arlier this year, YouGov, a British market research and data analytics company, surveyed the obstacles that prevent people from gambling online. The results provide an insight into the attitudes and habits of those who gamble and those who do not.
While the study results are specific to a UK audience, it’s possible to assume they could reflect attitudes elsewhere. Furthermore, some ideas for overcoming these barriers could be implemented effectively in any jurisdiction.
When asked why they hadn’t gambled in the last year, a combined 48% of respondents said it was because they didn’t trust gambling sites. More specifically, 27% said they thought the odds were stacked against them, and 21% said they didn’t think they could or would “win big.”
It’s a fact that in gambling, the odds are stacked in favour of the house. But, there are rules in place to give players a chance to win and to win big. The primary safeguard in place is Random Number Generators or provably fair algorithms. Any reputable licensing authority will require that one of these is in place when you launch a gambling platform.
An RNG is a system where numbers are generated randomly. These numbers are sequential and should not be able to be reasonably predicted by random chance. They are used in all online games of chance and mean that the player has a fair chance at winning, based on the legal parameters of the odds. Licensing authorities require that these RNGs are certified by a third party. They may also carry out random spot checks to ensure they are fair.
Provably fair is an algorithm that can be analyzed by an external third party and by the player to ensure the games, wagers, and outcomes relating to their activity are fair. The outcomes of the algorithm are registered on the blockchain, meaning they are immutable and cannot be tampered with.
If players understand that the fairness of a site is managed by such technology, certified, and supervised, they will likely be more confident. They should also only gamble with licensed sites where it’s clear that an RNG or provably fair system is used.
The issue of whether gambling is immoral is a big and controversial one. 11% of respondents said it was immoral, but only 8% said it was against their beliefs. This means a chunk thinks it’s not moral, based on opinion and not cultural or religious matters.
Not only are licensed sites required to ensure the games are fair, but they must also take care of their players. Many jurisdictions require operators to have comprehensive responsible gambling policies in place. This includes ensuring under 18s don’t use the site for gambling. Others are needed to implement self-exclusionary policies and to take steps to prevent problem gambling.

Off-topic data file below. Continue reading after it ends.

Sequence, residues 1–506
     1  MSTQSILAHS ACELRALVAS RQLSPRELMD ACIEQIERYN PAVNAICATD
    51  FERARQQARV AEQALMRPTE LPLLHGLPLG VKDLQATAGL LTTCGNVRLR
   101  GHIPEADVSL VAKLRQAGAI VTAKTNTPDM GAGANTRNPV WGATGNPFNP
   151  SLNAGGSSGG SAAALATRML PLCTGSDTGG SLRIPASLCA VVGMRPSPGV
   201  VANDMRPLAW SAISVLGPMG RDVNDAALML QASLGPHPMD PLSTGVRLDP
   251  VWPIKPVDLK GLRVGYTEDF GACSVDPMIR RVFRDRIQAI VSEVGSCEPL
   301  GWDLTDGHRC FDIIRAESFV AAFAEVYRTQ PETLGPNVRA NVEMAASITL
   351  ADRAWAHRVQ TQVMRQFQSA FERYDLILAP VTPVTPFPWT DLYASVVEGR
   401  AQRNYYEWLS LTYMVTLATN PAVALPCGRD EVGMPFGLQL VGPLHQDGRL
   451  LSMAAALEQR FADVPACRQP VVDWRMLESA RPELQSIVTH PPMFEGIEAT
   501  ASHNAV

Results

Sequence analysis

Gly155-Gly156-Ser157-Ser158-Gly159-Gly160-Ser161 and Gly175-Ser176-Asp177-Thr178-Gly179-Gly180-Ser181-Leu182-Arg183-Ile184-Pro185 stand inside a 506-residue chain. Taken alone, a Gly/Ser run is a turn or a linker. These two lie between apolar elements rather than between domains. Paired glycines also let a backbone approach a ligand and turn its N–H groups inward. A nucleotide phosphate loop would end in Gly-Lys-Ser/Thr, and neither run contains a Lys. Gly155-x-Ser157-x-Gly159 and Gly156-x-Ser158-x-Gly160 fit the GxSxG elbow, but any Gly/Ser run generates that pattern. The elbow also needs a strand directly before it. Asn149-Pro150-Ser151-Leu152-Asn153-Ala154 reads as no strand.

Alerts, bans and limits, proper onboarding, monitoring of activity, ethical advertising, and displaying or providing gambling addiction organization details are just some of the ways operators can operate ethically.
Some 10% of respondents said they are worried they might spend too much. A further 9% were worried they might get addicted, and 5% said they didn’t trust themselves. These are valid concerns for players, but there are ways they can be helped.
Recently the UK stopped people from paying to gamble with credit cards. Similar plans are in the works in other jurisdictions, and some operators have already taken the initiative not to allow payment with credit. This is a way to look out for players, restore confidence, and increase credibility as an operator.
Additionally, providing information on problem gambling, how to get help, and providing an alert system for deposits and wagers, can help players be more confident in the service you’re providing.
Almost 10% of potential players said they don’t trust operators or processing companies with their card details. Despite the proliferation of online shopping and the normalization of using cards online, concerns and doubts remain. The key to offering customers a reassuring online gambling experience is taking security seriously. This includes offering SSL encryption, making that fact public, and taking other measures to protect them.
In terms of payment methods, you should be giving them multiple options including cards, popular and respected payment processors, and even cryptocurrency. If a potential customer sees they can pay with well-known processors and payment providers, they will feel more secure. Likewise, if you offer payments via digital wallets, they can use a familiar platform to transact, further increasing security.
A staggering 32% of respondents said they had no particular reason for not gambling online. This means that around one-third are essentially neutral and haven’t formed any negative opinions. This means that they are ripe for marketing responsibly and ethically.
Most player’s negative perceptions come from the bad behaviour of a handful of operators. This reinforces how important it is that operators stick to the rules and become licensed. Failure to do so will ultimately impact the industry and the future profitability of the sector. When setting up or running an online gambling site, it’s always important to partner with a corporate service provider who shares your values.